Another point of agreement between Dennett and Meilaender worth emphasizing is that they both defend human dignity as a way of fending off human degradation. They both write to preserve the qualities that distinguish human beings from their assault by modern science and potentially by biotechnology. Even Dennett seems to write to preserve the real existence of beings capable of believing and acting in a dignified way from biotechnology that would, say, suppress those parts of the brain that make dignity indispensable.

Both of our extremists are open to the criticism that, when formulating public policy, Americans have always thought in terms of protecting rights, not dignity. Because we can speak so clearly and certainly of rights, why should we employ a term as murky-as controversial and as self-righteous-as dignity? There are actually good reasons to think of dignity as at least politically useless. When Leon Kass wrote of "Life, Liberty, and the Defense of Dignity," it can be argued, he was imposing upon our country a needlessly innovative and contentious idea. According to Diana Schaub, our political community is sufficiently formed by our concern with equal rights, and dignity-which is necessarily unequal-should remain a private or personal goal.

Our need to speak of dignity, I think, comes from reflection on our experiences of the 20th and 21st centuries. What the ideology-driven, totalitarian regimes of the 20th century did to human beings was a lot worse than merely violating rights. The Nazis and the Communists were at war against the very existence of beings capable of experiencing the dignity of human individuality, of (as the dissidents Solzhenitsyn, John Paul II and Havel wrote) living responsibly in light of the truth. It's in the courageous and truthful thought and action of these dissidents that we find evidence of dignity that is trivialized by the view that they were merely exercising their rights. And in the 21st century, as Kass has shown, biotechnology could actually provide us with ways of changing our nature in undignified ways that would promise to maximize our comfort, security, and happiness. Our spirit of resistance to such changes in our nature surely will be insufficiently animated by the ambiguous phrase, "natural rights."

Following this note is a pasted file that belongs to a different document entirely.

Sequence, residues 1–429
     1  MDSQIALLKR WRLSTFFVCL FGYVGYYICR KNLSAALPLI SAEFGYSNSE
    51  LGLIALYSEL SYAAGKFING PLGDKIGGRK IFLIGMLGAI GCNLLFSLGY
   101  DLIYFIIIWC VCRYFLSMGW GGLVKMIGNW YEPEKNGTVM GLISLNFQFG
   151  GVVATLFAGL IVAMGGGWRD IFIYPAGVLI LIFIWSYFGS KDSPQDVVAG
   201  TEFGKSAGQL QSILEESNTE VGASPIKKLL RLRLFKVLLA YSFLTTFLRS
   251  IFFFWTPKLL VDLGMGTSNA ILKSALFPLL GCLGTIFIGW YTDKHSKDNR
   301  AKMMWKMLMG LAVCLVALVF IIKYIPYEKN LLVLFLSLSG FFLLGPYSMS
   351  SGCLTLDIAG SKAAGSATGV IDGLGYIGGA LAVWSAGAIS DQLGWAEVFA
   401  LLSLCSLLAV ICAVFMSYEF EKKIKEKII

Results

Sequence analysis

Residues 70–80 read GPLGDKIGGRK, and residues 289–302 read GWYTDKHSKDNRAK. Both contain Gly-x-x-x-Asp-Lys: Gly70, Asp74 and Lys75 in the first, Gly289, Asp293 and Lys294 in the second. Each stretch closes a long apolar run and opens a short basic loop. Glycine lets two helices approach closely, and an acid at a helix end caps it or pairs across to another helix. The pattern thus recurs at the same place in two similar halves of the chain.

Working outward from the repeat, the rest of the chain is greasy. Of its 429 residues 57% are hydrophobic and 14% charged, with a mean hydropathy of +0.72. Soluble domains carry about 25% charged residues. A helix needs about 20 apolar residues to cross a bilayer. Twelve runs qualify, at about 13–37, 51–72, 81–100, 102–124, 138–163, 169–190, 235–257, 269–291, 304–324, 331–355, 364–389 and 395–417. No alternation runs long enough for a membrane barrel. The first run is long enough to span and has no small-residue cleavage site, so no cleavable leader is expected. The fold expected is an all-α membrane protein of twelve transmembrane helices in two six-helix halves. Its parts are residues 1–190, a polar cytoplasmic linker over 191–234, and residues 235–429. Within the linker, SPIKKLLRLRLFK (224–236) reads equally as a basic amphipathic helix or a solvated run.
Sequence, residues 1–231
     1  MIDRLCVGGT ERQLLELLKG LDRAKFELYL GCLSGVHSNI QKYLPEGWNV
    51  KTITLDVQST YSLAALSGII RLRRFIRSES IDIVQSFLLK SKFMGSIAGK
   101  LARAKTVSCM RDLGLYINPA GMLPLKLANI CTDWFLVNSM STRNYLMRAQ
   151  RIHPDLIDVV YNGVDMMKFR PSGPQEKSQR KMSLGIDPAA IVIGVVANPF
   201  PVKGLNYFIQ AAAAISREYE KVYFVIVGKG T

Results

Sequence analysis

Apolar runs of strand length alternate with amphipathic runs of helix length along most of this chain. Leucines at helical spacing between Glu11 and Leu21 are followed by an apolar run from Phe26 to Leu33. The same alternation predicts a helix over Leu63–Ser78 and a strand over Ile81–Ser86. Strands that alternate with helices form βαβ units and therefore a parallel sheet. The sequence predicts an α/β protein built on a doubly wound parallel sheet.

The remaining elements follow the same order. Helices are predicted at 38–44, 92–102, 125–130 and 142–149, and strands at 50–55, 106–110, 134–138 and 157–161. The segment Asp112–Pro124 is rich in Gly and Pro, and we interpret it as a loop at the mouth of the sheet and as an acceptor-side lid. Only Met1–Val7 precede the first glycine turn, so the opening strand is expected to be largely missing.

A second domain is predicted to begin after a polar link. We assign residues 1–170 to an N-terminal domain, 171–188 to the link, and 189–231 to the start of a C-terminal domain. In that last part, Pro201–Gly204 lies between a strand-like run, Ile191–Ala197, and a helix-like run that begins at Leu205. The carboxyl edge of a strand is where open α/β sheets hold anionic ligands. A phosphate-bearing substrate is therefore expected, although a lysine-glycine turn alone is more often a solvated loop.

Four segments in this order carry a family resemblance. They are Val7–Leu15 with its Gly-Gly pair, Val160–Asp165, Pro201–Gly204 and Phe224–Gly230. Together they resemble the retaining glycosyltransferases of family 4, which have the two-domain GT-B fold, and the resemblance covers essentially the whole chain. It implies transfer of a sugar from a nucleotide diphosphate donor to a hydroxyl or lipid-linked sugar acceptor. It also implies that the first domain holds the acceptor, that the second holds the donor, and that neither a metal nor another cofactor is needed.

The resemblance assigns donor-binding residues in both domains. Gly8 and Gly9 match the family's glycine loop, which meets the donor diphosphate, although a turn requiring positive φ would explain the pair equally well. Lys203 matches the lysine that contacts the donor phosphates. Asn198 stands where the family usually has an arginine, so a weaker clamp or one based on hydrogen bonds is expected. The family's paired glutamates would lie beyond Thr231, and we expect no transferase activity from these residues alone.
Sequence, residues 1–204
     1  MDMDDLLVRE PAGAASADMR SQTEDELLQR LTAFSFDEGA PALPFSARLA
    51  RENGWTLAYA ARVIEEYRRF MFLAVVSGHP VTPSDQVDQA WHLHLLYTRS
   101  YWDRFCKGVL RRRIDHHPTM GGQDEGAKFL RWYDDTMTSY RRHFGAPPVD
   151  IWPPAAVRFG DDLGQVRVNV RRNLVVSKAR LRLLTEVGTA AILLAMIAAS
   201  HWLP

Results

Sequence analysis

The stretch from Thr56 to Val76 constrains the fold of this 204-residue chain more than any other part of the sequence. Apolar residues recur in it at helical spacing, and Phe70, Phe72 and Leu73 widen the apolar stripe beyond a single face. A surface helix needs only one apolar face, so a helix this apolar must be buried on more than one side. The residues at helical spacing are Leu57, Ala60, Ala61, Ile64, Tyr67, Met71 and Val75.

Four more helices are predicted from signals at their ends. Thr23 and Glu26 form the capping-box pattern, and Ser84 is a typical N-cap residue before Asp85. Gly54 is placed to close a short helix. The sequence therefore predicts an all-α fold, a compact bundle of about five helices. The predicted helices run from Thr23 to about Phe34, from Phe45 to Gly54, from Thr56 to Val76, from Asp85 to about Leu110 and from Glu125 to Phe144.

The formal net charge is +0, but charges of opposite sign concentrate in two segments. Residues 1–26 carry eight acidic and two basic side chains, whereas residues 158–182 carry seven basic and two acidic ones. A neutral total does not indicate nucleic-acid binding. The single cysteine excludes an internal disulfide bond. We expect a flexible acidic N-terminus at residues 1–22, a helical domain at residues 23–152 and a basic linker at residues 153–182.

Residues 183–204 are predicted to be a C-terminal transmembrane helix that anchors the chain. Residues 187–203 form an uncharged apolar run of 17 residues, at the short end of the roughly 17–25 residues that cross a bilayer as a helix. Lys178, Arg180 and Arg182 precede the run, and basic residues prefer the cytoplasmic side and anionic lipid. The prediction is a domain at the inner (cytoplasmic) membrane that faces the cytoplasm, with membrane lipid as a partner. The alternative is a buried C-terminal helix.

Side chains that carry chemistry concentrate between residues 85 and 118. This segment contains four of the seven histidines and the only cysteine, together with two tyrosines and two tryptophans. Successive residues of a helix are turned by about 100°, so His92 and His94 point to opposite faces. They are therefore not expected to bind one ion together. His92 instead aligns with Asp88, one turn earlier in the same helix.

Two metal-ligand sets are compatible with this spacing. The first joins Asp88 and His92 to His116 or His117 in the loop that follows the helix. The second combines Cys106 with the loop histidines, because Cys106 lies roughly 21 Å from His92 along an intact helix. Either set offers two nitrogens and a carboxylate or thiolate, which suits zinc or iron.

I have to add that it may show a lack of faith-or it may just be unrealistic-to believe that we are capable of making ourselves anything other than beings with dignity. Both totalitarian and biotechnological efforts to eradicate those aspects of our nature that make us dignified beings-that make us stuck with virtue to live well with what we can't help but know-are, as far as I can tell, doomed to fail.